Antarctica is a continent with big shoes to fill. Can I measure up? Would I have survived against all odds with a soul of steel, like Shackleton or will I lose the challenge and then my purpose like Scott?
Will I blow through this pristine place as fast as Amundsen and leave nothing of value behind or revel in scientific discoveries, like Mawson?
I am zealous about one thing. I want to discover the ticking heart and soul of these heroes from the golden age of exploration. (1898-1917)
The Greek’s offered a philosophical deduction that a large continent lay at the bottom of the world and named it “Antarktos” but the first recorded reports of previously unknown land occurred in 1675 when ships were blown off course. As men sailed further south in search of fur seals and whales, the pillage of Antarctic islands followed. With stiff competition, they did not share information, leaving no recordings from that time.
Science entered the game late, around 1898 with the first wintering’s. The climax of The- Big- Race-To-Be-First-To-The-Southern-Pole occurred late 1911-1912 with Robert Scott, Road Amundsen, and Douglas Mawson. You might argue that this was driven by ego but most of what the world would discover about Antarctica would begin with Scott and Mawson.
Road Amundsen reached the pole first, 33 days before Scott and his doomed expedition.
I wonder what Scott felt, after exhausting all of his resources to see the Norwegian flag planted there. There’s a copyrighted picture at the polar institute that shows resignation and defeat etched on their faces. (g00gle it) Psychologically, his team must have been crushed because they died within 20 kilometers of a supply depot.
Around the same time, Australian Douglas Mawson led a horrific trek to the south magnetic pole after scientific work and mapping the coastline. His first mistake was to split his men into four groups. His team of three men headed for the pole with 1,720 pounds of food pulled by 16 dogs on three sleds.
After dreaming about his dead father and witnessing one of his dogs eating her pups, ominous signs grew worse. Teammate Ninnis fell into a crevasse with most of the food and the survival gear. He died. His other companion, Mertz, ate dog meat and died mad ( later thought to be Hypervitiminosis A ).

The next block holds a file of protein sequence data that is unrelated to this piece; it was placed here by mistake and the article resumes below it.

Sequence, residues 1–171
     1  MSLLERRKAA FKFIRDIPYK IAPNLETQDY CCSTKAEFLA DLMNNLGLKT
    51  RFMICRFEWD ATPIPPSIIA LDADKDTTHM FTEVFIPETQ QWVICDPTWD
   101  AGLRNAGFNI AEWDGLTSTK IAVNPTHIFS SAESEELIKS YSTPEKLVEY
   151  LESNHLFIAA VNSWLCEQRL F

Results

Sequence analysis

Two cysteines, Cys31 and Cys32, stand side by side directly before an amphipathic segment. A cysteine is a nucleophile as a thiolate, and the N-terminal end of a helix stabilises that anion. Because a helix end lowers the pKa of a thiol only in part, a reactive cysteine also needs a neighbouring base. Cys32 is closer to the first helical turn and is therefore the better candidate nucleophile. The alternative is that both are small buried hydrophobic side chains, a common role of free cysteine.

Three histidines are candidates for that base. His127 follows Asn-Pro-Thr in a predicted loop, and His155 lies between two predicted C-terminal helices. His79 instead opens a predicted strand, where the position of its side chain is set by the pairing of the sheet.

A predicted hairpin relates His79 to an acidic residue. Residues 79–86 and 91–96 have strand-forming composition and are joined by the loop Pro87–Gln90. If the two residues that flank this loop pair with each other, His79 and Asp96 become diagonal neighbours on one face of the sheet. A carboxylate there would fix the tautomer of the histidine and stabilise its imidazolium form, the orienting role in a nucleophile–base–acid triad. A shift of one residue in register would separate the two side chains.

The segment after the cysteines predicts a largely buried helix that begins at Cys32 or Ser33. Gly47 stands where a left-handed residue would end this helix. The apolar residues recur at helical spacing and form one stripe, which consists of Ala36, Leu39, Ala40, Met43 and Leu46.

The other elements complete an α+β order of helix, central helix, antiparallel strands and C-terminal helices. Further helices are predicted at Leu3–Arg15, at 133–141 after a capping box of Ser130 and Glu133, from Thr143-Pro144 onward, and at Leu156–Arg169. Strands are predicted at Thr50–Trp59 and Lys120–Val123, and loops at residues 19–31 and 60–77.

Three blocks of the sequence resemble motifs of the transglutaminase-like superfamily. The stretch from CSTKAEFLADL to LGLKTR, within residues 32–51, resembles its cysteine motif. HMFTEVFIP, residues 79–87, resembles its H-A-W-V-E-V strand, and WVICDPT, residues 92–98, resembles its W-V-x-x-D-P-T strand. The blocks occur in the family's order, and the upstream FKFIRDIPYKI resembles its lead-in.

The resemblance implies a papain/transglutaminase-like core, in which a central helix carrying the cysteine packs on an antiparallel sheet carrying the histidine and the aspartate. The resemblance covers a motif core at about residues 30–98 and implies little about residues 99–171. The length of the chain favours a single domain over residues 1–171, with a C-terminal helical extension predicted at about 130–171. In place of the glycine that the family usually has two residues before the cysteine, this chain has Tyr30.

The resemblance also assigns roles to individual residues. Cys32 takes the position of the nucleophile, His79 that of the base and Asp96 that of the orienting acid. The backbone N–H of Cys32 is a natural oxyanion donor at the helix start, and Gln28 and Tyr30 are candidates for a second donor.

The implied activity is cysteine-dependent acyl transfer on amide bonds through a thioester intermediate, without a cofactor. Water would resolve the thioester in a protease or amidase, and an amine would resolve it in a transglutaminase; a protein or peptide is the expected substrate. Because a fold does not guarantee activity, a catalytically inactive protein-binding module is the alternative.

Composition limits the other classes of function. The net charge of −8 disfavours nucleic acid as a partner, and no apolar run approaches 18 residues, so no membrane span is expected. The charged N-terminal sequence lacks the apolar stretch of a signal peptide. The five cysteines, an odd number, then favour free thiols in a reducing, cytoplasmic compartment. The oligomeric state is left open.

That left Mawson over one hundred miles from help, all alone and ill, with skin falling off his body. Even the cocaine wash for snow blindness didn’t offer relief. What will-power it must have taken to put grief and physical discomfort aside to save himself.
World War 1 put the brakes on scientific study, until Richard Evelyn Byrd and the polar flights of 1928, 1934, and 1939.
So what does this mean for you and me?
Never has our environment and climate change been more important. consider this one statement–our lives center around a little tiny krill, the basis of the life chain in Antarctica. If the water warms, the krill die and so does everybody else up the food chain.
Don’t be fooled into thinking you’re too big to be affected. The top relies on the bottom to fill the cycle. We have slogged, tooth and nail, through environmental safeguards for decades. Politically, recent comments about climate change and reducing environmental controls is beyond alarming. Never has your voice been more important than now.
Yeah, there was a big race to be ‘first’ to both poles. Big deal. The environmental lessons we should have learned from destruction of the fur seal, the whales, the killing of penguins–the mistakes of our predecessors— is a far more important lesson. Will our generation protect or destroy like they did?